Bonterra Bonterra Vineyards 1997 North Coast Cabernet Sauvignon ($15.99)
Launched as a division of Fetzer, Mendocino-based Bonterra appears to have de-emphasized its connection with its corporate parent, perhaps a logical move for a business that positions itself as a maker of wines made from certified organically grown grapes (from licensed vineyards that avoid the use of pesticides, herbicides or synthetically produced fertilizers) and produced without the use of added sulfites. (Diagnosed asthmatics should note with caution, however, that all wines, including these, contain naturally occurring sulfites.)

I'm not persuaded by organic wines, frankly. With the possible exception of the most industrial-style mass-market wineries, few fine-wine producers represent the kind of amoral agribusiness that presents a threat to the environment or the consumer. Scratch most wine makers and you'll find farmers who understand their debt to the soil. Accordingly, I don't worry about looking for "organic" wines or recommending them to readers.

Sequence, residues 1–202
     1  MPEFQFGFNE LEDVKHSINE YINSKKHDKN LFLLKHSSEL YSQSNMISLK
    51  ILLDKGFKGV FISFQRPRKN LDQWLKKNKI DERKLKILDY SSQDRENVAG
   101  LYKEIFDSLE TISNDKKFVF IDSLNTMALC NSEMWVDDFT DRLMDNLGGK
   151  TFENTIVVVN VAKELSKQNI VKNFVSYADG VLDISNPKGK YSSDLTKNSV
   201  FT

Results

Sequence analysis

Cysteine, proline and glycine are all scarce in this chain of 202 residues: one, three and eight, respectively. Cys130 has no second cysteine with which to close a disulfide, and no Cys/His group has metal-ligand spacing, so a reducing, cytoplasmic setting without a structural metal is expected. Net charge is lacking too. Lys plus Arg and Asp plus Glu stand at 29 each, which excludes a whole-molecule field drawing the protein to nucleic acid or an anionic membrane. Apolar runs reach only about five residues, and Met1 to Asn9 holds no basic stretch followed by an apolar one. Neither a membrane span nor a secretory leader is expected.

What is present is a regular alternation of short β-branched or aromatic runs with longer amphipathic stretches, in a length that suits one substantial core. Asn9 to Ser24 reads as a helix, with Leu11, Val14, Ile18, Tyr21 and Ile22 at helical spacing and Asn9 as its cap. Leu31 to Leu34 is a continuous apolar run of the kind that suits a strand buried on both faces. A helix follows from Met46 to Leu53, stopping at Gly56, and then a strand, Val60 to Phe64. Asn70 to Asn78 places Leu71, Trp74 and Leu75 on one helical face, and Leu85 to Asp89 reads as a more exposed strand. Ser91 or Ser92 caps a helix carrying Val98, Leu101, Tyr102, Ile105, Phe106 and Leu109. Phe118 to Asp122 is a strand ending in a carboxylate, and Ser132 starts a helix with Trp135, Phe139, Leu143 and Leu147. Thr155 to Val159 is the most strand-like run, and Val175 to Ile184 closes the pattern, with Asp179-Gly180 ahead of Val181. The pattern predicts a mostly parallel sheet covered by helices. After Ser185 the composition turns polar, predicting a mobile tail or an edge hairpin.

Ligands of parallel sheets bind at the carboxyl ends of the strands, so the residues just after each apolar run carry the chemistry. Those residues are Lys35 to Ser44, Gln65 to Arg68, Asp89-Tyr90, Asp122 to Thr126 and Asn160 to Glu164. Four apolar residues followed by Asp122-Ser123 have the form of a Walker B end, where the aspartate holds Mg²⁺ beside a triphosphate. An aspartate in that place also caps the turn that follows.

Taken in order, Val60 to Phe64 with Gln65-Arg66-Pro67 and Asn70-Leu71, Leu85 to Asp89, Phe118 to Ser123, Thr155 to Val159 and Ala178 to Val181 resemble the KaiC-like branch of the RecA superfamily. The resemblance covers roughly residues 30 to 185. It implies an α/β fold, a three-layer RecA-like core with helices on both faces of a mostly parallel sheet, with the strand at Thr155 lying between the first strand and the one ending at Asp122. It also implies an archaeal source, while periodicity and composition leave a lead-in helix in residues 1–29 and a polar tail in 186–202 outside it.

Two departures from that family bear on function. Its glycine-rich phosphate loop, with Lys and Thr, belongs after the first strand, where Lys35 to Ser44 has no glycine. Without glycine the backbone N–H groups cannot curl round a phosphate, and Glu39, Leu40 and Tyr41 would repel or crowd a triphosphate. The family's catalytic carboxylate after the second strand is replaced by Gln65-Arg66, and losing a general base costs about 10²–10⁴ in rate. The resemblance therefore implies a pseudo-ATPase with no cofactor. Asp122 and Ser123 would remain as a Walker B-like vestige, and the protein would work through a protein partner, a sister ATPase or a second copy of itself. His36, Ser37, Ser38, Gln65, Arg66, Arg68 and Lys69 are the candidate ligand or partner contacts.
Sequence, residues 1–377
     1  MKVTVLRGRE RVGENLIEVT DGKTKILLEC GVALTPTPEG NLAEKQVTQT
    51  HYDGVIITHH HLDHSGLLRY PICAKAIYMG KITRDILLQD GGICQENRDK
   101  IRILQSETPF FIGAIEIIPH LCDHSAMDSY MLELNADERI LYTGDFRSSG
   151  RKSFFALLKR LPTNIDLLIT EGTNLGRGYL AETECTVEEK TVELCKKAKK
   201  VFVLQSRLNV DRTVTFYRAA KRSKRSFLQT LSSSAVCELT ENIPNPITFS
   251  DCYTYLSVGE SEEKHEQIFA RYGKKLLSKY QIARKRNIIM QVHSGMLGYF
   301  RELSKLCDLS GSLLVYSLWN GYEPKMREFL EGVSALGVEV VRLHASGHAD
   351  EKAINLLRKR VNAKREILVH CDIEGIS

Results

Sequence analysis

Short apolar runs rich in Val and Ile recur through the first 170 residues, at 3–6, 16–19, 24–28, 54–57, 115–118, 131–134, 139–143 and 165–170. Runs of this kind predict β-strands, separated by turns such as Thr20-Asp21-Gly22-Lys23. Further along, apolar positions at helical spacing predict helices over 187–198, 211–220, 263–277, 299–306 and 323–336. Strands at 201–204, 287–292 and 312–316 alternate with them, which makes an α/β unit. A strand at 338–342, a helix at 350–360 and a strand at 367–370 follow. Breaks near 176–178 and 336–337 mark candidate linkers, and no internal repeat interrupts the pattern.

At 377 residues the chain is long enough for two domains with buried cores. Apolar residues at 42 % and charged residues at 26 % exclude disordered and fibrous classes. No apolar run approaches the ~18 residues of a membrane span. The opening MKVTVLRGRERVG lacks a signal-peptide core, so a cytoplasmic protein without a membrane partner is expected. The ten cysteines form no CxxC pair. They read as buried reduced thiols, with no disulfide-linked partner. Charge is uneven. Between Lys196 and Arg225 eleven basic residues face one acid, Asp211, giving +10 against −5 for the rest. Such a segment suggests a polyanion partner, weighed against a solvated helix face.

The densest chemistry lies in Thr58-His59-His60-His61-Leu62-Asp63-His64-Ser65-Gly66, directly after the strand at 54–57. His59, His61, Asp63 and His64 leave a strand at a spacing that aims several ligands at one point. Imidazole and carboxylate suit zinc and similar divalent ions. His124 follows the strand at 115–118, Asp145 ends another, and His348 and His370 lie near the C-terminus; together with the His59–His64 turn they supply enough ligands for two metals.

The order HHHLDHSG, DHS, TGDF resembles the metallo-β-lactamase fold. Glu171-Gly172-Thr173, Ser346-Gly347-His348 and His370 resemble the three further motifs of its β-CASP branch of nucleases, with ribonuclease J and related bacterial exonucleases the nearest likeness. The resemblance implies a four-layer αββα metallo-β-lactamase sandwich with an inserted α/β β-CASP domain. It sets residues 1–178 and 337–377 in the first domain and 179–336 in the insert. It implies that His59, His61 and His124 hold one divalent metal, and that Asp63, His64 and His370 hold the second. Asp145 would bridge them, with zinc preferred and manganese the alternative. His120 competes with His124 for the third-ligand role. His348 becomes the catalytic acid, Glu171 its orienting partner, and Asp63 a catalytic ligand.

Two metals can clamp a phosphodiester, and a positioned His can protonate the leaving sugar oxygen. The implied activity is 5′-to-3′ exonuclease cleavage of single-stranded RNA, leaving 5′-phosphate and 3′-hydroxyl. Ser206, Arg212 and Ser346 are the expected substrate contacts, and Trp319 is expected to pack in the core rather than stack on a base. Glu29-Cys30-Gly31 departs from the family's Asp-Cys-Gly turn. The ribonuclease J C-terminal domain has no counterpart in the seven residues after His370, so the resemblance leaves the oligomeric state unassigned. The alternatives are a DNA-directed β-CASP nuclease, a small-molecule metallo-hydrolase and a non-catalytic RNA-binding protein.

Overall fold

But all that being said, Bonterra's 1997 Cabernet Sauvignon passes a more important test: It tastes good. In fact, it tastes very good indeed. Dark garnet in color, it breathes blackcurrant and cedar aromas and a floral hint of roses, and it offers ripe, fresh-fruit flavors consistent with the nose, well balanced and structured with firm acidity and soft tannins. Organic, shmorganic, it's a quality Cabernet at a price that's fair.

FOOD MATCH: A fine match with char-grilled flank steak marinated in red wine with garlic and fresh tomatoes and sauced with a quick pan reduction of the marinade.


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All my wine-tasting reports are consumer-oriented. In order to maintain objectivity and avoid conflicts of interest, I purchase all the wines I rate at my own expense in retail stores.

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